Great Pieces of Steampunk Literature

July 13 2017 Written by Shawn Carling

Steampunk culture is more than a niche in today's world. There are proponents all over the world, and no shortage of media and literature with which to enjoy the genre. No matter what your steampunk preference, Victorian era, Old West, or apocalyptic dystopia, there is sure to be plenty of literature and media for you to enjoy. Here, we have listed some of our favorite pieces of steampunk literature.

 Against The Day

We decided to start strong, and make no mistake this Thomas Pynchon entry is no easy read. With over 100 different characters, there is no glossing over the plot of this book. Beginning in 1893 at the Chicago World's Fair, and following a crew of young, green balloonists, this 1,000+ page book is the steampunk gift that keeps on giving.

Agatha H and the Airship City

Mad scientists? Airships? Beautiful heroines? This entry has it all! Written by Phil and Kaja Foglio, this steampunk (cyberpunk, to be technical) adventure follows Agatha, a student at Transylvania Polygnostic University. In a world where heroic adventurers known as Hetrodynes have disappeared, mad scientists terrorize the denizens of the world. Agatha aspires to be an inventor, but doesn't seem to have the spark for it. That is, until she is captured by the ruthless Baron Klaus Wulfenbach and finds out what she is really made of.


While it is debatable whether Frankenstein, by Mary Shelley, should be considered steampunk, there is no doubt that it was a precursor, and one of the first examples of science fiction. A classic work of fiction, follow Frankenstein  in Victorian England as he defies death and creates his "monster" using his ingenious lightning powered invention.


Written by James P. Blaylock, and winner of the Philip K. Dick Award, Homunculus is a riveting blend of Edgar Allen Poe, Robert Louis Stevenson, and H.G. Wells. We won't get too into the details of the plot, but suffice it to say it starts with a dirigible with a dead pilot passing over Victorian London, and follows scientists/explorer Langdon St. Ives and evangelist Shiloh, who is convinced the blimp carries his father, a tiny space alien.

Mortal Engines

This entry is great for beginners in the steampunk genre. Set in a post apocalyptic landscape, where the world is ravaged by nuclear warfare, the citizens survive in giant, mechanized, moving cities. Because there are no natural resources left, these cities survive by consuming each other for their parts.



Another great entry for beginners in the genre, Steampunk is an anthology of short stories edited by Ann and Jeff VanderMeer. If you want to know what is possible in the world of steampunk, what's in it, and many of the tropes, this is a great way to get exposed.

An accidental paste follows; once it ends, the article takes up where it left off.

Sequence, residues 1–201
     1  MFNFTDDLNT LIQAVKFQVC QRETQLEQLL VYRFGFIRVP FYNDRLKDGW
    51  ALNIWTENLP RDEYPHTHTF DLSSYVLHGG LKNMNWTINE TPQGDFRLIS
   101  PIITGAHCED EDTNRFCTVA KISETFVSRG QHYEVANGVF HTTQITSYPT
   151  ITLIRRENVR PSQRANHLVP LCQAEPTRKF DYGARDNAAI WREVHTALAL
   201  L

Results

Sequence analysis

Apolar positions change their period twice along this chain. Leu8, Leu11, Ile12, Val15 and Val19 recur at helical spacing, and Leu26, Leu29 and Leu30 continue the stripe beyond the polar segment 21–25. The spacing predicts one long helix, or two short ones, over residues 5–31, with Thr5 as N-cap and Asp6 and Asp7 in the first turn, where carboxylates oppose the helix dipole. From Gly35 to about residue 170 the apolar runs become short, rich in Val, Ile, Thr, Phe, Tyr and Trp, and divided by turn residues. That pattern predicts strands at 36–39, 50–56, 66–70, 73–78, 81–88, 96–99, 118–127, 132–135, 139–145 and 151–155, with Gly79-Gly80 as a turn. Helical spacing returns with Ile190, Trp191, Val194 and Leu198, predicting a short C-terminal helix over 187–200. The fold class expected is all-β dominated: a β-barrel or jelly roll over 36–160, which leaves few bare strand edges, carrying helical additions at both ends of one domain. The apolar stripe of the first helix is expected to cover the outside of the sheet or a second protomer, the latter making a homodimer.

The Anubis Gates

Written by Tim Powers, The Anubis Gates are a classic steampunk story with a fantasy feel. Following an eclectic cast, from an Egyptian sorcerer, to a body switching werewolf, to a brainwashed Lord Byron, you'll feel for the protagonist Professor Brendan Doyle, who quite frankly wanted none of this "nonsense".

The Difference Engine

Written by William Gibson and Bruce Sterling, this work helped to define and establish the genre of steampunk. It's set in 1855, where the computer has already arrived due to one Charles Babbage's creation of the Difference Engine and the Analytical Engine. Part detective novel, part thriller, this journey starts with the discovery of some punched Engine cards, cards someone is trying to kill for.

The Golden Compass

We mentioned this one in our movie list, but the books are just so much better. Part of Philip Pullman's His Dark Materials trilogy, follow Lyra Belacqua in a world where every person's soul is split in half and and put into the body of an animal dæmon. A mysterious "dust", being researched by her father Lord Asriel, is making a stir. Mixed with fantastical elements, this story is still full of steampunk inventions and landscapes.

Twenty Thousand Leagues Under The Sea


Another entry that was on our movie list, this classic by Jules Verne is one of the original instances of steampunk. Verne is known for other such steampunk classics as Around the World in Eighty Days and Journey to the Center of the Earth. Verne is actually the second most translated English author, between William Shakespeare and Agatha Christie.

The Warlord of the Air

Written by Michael Moorcock before steampunk was an official genre, this story follows Oswald Bastable, who is transported to an alternate 20th century where World War One never happened, and steam power is the norm. It's part of a trilogy under the name The Nomad of Time.


Hopefully you found this list interesting and entertaining. All of these steampunk stories make for a great read, and of course there is plenty more steampunk literature out there for you to enjoy. Here at Machine Age Lamps, we love everything there is about steampunk. We love it so much, we've made creating one of a kind pieces of steampunk art our profession. If you would like a masterfully crafted machine age lamp or table made from original farm equipment, then check our product listing here. If you have any questions about our products or delivery, please don't hesitate to give us a call today. We will be happy to answer any questions that you may have.